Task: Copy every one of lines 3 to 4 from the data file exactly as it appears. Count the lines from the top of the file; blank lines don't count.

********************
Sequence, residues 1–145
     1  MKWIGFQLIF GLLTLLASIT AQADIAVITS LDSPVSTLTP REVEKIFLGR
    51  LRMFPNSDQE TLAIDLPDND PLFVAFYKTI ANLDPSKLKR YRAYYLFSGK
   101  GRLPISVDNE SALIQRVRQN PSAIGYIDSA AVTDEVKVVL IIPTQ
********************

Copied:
    51  LRMFPNSDQE TLAIDLPDND PLFVAFYKTI ANLDPSKLKR YRAYYLFSGK
   101  GRLPISVDNE SALIQRVRQN PSAIGYIDSA AVTDEVKVVL IIPTQ